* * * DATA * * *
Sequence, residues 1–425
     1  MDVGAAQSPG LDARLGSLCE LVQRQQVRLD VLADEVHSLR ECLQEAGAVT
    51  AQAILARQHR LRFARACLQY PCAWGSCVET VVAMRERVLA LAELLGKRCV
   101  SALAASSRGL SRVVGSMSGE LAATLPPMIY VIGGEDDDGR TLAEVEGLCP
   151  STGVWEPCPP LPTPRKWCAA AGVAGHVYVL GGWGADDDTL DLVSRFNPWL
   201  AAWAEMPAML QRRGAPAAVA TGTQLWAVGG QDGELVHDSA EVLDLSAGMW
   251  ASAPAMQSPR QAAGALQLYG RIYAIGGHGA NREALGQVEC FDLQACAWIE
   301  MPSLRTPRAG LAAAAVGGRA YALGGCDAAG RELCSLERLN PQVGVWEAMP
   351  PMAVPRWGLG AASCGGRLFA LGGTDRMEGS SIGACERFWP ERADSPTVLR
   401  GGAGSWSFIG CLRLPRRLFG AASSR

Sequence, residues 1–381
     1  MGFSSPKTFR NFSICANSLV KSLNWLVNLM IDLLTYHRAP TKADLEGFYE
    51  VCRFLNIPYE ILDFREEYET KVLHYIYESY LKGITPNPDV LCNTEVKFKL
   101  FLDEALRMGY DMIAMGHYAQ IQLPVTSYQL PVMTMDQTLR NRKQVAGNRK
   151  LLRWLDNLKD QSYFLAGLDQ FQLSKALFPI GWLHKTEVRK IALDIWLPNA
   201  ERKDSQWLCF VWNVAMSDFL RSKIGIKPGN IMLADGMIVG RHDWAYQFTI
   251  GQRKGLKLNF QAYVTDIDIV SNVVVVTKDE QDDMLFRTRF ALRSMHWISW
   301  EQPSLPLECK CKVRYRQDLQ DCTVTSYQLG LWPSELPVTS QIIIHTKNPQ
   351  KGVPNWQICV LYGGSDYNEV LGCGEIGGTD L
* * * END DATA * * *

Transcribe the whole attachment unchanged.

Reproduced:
Sequence, residues 1–425
     1  MDVGAAQSPG LDARLGSLCE LVQRQQVRLD VLADEVHSLR ECLQEAGAVT
    51  AQAILARQHR LRFARACLQY PCAWGSCVET VVAMRERVLA LAELLGKRCV
   101  SALAASSRGL SRVVGSMSGE LAATLPPMIY VIGGEDDDGR TLAEVEGLCP
   151  STGVWEPCPP LPTPRKWCAA AGVAGHVYVL GGWGADDDTL DLVSRFNPWL
   201  AAWAEMPAML QRRGAPAAVA TGTQLWAVGG QDGELVHDSA EVLDLSAGMW
   251  ASAPAMQSPR QAAGALQLYG RIYAIGGHGA NREALGQVEC FDLQACAWIE
   301  MPSLRTPRAG LAAAAVGGRA YALGGCDAAG RELCSLERLN PQVGVWEAMP
   351  PMAVPRWGLG AASCGGRLFA LGGTDRMEGS SIGACERFWP ERADSPTVLR
   401  GGAGSWSFIG CLRLPRRLFG AASSR

Sequence, residues 1–381
     1  MGFSSPKTFR NFSICANSLV KSLNWLVNLM IDLLTYHRAP TKADLEGFYE
    51  VCRFLNIPYE ILDFREEYET KVLHYIYESY LKGITPNPDV LCNTEVKFKL
   101  FLDEALRMGY DMIAMGHYAQ IQLPVTSYQL PVMTMDQTLR NRKQVAGNRK
   151  LLRWLDNLKD QSYFLAGLDQ FQLSKALFPI GWLHKTEVRK IALDIWLPNA
   201  ERKDSQWLCF VWNVAMSDFL RSKIGIKPGN IMLADGMIVG RHDWAYQFTI
   251  GQRKGLKLNF QAYVTDIDIV SNVVVVTKDE QDDMLFRTRF ALRSMHWISW
   301  EQPSLPLECK CKVRYRQDLQ DCTVTSYQLG LWPSELPVTS QIIIHTKNPQ
   351  KGVPNWQICV LYGGSDYNEV LGCGEIGGTD L